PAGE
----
Thousands of protesters took to the streets of Hong Kong on Sunday to demand justice for the victims of the 1989 Tiananmen Square Massacre. The annual march comes ahead of a larger commemorative vigil next Tuesday to mark 30 years since the crackdown.
The streets of Central bristled with yellow umbrellas, a symbol of the 2014 mass democracy protest, as demonstrators marched from Wan Chai to the China Liaison Office in Sai Wan holding signs that read “Justice will prevail” and “Vindicate June 4th.”
The annual rally was organised by the Hong Kong Alliance in Support of Patriotic Democratic Movements of China.
The massacre occurred on June 4 1989, ending months of student-led demonstrations in China. It is estimated that hundreds, perhaps thousands, died as the People’s Liberation Army suppressed protesters in Beijing.
Organisers said 2,200 people attended the rally – double that of last year’s 1,100 estimate – while police put the figure at 2,100.
The crowd made their way through Causeway Bay’s congested retail district chanting slogans in support of democratic development in the mainland, as pedestrians fielded their way through a sea of placards. Attendees met a small group of pro-Beijing counter-protesters waving Chinese flags along Hennessey Road.
Chairman of the Alliance Albert Ho said this year’s march both observes the June 4 massacre and protests against the local government’s extradition bill: “The people will think of the aspiration for democracy, but recently we are recently faced with the challenge of this Fugitive Offenders bill, which certainly affects our basic freedoms and liberty, so there is good reason for us to connect these themes together, mainly our aspiration for democracy and our earnest desire to fight for our freedoms.”
Hong Kong proposed legal amendments in February to allow the city to handle case-by-case extradition requests from jurisdictions with no prior agreements, most notably China and Taiwan. The plan would enable the chief executive and local courts to handle extradition requests without legislative oversight, although critics have raised concerns over the risk of residents being extradited to the mainland. The bill could reach a final vote before the current legislative period ends in July.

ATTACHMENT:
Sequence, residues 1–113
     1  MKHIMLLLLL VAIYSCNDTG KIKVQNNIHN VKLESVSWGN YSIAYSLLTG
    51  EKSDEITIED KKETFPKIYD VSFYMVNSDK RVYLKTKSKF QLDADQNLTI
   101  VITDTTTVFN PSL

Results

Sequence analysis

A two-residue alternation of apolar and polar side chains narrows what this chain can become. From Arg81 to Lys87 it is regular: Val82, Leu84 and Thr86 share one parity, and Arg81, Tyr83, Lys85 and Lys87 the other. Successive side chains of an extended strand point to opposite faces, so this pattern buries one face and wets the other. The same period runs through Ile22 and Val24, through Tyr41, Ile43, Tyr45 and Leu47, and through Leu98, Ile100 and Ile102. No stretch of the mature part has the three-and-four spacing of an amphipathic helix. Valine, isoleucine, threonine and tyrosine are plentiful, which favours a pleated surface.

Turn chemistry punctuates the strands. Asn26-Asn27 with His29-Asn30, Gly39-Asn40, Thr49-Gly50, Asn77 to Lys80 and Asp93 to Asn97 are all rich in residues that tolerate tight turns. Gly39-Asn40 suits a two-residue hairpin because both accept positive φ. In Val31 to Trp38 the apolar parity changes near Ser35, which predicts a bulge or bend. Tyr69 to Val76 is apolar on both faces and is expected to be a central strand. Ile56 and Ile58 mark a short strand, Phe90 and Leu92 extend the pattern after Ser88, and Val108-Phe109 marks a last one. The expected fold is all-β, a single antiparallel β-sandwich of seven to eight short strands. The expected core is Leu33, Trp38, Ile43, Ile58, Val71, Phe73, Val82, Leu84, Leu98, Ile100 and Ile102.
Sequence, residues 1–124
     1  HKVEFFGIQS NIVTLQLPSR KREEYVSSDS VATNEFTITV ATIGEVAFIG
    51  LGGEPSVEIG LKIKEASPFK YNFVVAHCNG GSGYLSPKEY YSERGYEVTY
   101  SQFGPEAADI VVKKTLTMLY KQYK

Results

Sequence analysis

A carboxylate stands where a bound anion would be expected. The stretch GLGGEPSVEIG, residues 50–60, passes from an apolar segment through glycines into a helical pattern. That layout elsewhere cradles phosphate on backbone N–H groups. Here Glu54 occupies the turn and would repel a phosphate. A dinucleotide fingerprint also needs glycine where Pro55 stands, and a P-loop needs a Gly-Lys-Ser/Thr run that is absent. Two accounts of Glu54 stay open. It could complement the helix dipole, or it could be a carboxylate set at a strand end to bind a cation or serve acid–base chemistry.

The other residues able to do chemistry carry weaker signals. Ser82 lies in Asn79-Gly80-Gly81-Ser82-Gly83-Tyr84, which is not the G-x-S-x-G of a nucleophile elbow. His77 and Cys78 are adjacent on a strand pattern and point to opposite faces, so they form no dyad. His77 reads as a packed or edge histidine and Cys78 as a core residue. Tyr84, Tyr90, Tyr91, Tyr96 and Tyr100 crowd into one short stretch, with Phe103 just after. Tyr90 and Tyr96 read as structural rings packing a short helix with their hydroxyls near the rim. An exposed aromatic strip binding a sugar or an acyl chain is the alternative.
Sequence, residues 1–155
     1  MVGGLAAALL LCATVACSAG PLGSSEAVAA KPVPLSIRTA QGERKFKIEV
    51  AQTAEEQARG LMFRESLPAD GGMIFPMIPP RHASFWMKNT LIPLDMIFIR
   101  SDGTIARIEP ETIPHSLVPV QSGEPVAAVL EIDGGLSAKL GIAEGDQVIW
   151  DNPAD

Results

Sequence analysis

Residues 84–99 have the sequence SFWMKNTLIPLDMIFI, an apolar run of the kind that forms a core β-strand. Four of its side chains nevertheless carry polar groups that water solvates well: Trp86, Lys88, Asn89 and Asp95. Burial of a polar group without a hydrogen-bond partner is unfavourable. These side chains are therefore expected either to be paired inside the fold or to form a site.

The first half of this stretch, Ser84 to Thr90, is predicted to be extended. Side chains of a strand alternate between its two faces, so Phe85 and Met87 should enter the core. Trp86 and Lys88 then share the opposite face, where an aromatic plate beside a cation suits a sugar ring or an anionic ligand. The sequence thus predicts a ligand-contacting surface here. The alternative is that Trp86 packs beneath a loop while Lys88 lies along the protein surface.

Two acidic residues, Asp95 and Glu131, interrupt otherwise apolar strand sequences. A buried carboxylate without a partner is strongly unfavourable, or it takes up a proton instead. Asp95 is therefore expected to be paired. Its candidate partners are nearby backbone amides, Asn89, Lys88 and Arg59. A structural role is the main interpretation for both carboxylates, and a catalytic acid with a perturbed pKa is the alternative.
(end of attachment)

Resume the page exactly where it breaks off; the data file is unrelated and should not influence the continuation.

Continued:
The Alliance hosted a talk on the potential impact of the extradition bill before the march.
The panel featured vice-chairperson Richard Tsoi, lawmaker Wu Chi-wai, lawyer Anson Wong Yu-yat, and Chairperson of the Hong Kong Journalist Association Mak Yin-ting.
One protester wore a tank costume, while members of the League of Social Democrats carried a casket to honour those who died.
Amnesty International researcher Patrick Poon told HKFP that the march serves as a reminder of looming threats to freedoms in Hong Kong: “I still think it’s remarkable to see as many people come out today after 30 years,” he said. “By remembering what happened 30 years ago, now actually we also see what will happen in Hong Kong if we don’t speak up.”
Hundreds take to the streets in Hong Kong for an annual march to commemorate the 1989 Tiananmen Square Massacre. Attendees are calling for vindication, accountability and justice for victims of the crackdown. pic.twitter.com/yxrCuWvHtS
— Hong Kong Free Press (@HongKongFP) May 26, 2019
Jackie Liu, who works at a religious organisation, has attended the march for the past 10 years. “I was also born in 1989 so I think this is something related to my life,” he said. “I am here today to [remember] the June 4th event and to pass on the memory to the next generation. This is our mission, I think.”
A local university student, who declined to give his name, told HKFP that he decided to attend the march to also voice his concern over the extradition bill: “It will affect everyone in Hong Kong,” he said.
“The [crimes] are very ambiguous. It won’t just affect the so-called criminals, but it will allow the Chinese government to extradite anyone who opposes them in the future.”
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